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Why the quality of care we provide is so important

Mike Cleasby. Quality Director on the importance of our quality of care

Since being appointed as the Quality Director in June, Mike has been able to travel to a number of services and properties across the country.

As his role entails, Mike focuses on ensuring that the quality of care we provide to the people we support is of the highest standard and meets government and care industry expectations.

Supporting people with learning disabilities and autism is something that is very personal to me, as my daughter has a learning disability.

I use this as my benchmark when I am looking at the quality of the support we provide: “Would this service be good enough for my daughter?”

This allows me to develop strategies and inform services about how they can better support people in their homes.

Quality Matters Memo

One way we look to ensure staff are informed about any updated or changes within CQC regulations / standards is with our new Quality Matters Memo.

The memo, which is published Bi-Weekly, gives staff the opportunity to understand keep up to date with any changes or requirements taking place within the care sector.

We want to ensure our staff are being made aware of changes that could affect the care that they provide and believe communicating with you on a regular basis would be very beneficial.

You can access every edition of our Quality Matters Memo can be accessed on our staff intranet.

Active Support

Active Support changes the style of support from ‘caring for’ to ‘working with’, it promotes independence and supports people to take an active part in their own lives.

The experience of being a valued member of society and feeling accepted, are things most of us take for granted.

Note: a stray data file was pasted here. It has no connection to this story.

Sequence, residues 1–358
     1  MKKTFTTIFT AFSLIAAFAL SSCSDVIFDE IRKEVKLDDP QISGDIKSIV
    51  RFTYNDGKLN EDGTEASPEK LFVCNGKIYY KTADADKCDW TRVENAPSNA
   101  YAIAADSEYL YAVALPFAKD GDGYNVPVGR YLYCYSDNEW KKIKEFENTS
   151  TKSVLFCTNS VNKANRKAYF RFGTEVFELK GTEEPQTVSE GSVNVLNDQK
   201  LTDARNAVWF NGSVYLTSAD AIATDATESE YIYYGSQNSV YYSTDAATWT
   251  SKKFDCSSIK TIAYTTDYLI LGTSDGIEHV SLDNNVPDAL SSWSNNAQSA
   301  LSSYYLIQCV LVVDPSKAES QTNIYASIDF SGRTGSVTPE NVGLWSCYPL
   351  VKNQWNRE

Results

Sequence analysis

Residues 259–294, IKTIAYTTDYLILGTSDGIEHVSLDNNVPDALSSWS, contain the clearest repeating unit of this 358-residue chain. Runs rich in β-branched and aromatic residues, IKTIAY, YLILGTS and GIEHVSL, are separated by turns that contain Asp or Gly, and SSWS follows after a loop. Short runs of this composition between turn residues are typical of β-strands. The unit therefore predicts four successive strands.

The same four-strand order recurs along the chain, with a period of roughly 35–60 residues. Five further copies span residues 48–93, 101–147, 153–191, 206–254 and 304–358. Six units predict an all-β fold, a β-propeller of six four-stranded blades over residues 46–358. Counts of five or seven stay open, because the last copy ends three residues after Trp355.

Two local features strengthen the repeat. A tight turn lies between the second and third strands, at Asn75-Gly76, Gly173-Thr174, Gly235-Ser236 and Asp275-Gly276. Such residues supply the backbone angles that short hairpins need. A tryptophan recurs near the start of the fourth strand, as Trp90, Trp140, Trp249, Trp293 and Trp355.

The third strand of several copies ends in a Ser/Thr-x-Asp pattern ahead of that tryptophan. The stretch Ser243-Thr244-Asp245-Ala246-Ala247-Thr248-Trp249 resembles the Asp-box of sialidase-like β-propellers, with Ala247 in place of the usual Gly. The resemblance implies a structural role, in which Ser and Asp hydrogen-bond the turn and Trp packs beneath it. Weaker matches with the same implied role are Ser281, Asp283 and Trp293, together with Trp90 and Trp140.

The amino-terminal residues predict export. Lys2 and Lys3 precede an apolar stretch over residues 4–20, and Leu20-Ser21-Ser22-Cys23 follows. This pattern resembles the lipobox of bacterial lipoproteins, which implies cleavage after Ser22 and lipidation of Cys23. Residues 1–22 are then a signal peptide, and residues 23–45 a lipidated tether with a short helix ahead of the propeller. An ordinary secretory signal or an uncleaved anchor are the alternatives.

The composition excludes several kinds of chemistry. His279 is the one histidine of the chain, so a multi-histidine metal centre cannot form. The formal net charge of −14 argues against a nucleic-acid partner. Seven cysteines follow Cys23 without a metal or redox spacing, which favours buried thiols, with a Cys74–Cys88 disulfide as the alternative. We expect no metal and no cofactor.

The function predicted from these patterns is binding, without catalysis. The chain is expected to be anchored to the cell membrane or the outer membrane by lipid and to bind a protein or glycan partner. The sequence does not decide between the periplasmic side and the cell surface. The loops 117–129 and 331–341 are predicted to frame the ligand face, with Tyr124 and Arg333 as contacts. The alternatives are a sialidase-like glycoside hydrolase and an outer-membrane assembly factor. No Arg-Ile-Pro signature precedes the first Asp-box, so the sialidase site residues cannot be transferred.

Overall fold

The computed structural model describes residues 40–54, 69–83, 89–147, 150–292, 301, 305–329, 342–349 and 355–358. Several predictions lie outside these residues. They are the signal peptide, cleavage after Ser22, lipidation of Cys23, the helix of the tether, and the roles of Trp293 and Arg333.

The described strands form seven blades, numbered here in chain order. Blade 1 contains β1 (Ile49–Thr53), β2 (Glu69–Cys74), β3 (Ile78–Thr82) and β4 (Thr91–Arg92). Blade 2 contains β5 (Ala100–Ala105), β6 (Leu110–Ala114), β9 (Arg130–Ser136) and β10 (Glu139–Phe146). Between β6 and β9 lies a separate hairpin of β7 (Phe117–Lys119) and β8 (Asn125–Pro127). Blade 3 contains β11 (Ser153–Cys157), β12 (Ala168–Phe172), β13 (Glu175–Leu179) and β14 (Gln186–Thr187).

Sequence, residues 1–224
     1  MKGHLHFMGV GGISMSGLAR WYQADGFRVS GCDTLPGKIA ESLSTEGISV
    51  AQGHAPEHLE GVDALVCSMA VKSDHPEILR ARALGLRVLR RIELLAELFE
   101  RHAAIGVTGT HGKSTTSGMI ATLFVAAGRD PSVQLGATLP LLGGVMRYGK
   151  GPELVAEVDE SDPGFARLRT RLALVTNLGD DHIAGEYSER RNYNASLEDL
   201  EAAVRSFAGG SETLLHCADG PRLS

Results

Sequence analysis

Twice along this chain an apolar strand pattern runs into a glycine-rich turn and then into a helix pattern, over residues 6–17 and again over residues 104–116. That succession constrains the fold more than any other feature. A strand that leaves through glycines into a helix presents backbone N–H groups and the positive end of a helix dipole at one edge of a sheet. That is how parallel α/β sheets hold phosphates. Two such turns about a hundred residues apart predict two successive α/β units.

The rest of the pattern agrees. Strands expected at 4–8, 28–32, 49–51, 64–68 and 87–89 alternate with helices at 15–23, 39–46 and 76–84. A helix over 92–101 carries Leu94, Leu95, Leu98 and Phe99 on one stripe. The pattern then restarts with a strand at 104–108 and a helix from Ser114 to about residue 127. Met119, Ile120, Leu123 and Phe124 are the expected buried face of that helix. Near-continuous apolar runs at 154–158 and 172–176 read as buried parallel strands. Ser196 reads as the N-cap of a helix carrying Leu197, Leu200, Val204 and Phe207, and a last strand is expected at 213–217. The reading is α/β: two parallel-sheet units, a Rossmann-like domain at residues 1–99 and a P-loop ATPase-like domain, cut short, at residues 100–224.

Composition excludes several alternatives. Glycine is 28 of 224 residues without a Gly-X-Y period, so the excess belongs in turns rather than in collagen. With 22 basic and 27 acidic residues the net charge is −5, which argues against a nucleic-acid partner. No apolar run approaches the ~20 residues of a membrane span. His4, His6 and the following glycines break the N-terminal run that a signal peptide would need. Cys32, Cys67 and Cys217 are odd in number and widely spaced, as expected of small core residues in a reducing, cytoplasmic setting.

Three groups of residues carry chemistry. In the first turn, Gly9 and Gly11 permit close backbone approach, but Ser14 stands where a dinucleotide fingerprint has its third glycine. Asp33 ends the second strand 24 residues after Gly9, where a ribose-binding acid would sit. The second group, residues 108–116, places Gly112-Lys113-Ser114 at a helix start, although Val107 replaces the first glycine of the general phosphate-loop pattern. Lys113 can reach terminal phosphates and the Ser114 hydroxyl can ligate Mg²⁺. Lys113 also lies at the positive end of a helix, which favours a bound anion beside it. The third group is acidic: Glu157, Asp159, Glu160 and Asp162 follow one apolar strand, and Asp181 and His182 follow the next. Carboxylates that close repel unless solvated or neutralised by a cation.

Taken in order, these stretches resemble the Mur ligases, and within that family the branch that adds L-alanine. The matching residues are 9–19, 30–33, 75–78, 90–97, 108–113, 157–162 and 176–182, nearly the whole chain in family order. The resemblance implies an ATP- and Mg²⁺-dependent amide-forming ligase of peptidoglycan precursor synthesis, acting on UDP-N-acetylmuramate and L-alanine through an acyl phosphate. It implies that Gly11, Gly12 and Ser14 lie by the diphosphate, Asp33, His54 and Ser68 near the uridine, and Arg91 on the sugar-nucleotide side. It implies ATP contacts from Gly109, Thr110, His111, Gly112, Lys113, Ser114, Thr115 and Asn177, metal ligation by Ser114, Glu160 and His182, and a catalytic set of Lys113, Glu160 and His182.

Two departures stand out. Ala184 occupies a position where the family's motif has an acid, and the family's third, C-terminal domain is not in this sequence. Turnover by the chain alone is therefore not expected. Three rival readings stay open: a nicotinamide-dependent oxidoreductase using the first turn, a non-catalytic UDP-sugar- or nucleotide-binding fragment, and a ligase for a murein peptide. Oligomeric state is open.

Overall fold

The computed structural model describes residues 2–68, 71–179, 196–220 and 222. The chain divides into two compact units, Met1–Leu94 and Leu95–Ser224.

Most of us spend our time taking part in a variety of everyday activities with or without help or support, whilst most with disabilities would want to do the same thing, but many need additional support.

Active Support enables them to develop new skills, access a wider range of opportunities and build important relationships and social networks.

These skills give people more control over their own lives. Without a good understanding of Active Support, staff and supporters can often provide too little, or too much assistance.

There can be a tendency to provide less assistance to people who are less able and more assistance to people who are more able, instead of the other way around. If you would like further information please don’t hesitate to contact me.

Knowledge Sharing Hub

The intranet has proven to be a useful form of communication and knowledge sharing for our staff and to take that one step further, we have developed a Knowledge Hub.

We want this to be a place where you can share good practice and templates with each other.

We have already added some person-centred tools and are developing a CQC PIR template which will help those managers who have not written one before.

If you have any resources, that are beneficial, please email:


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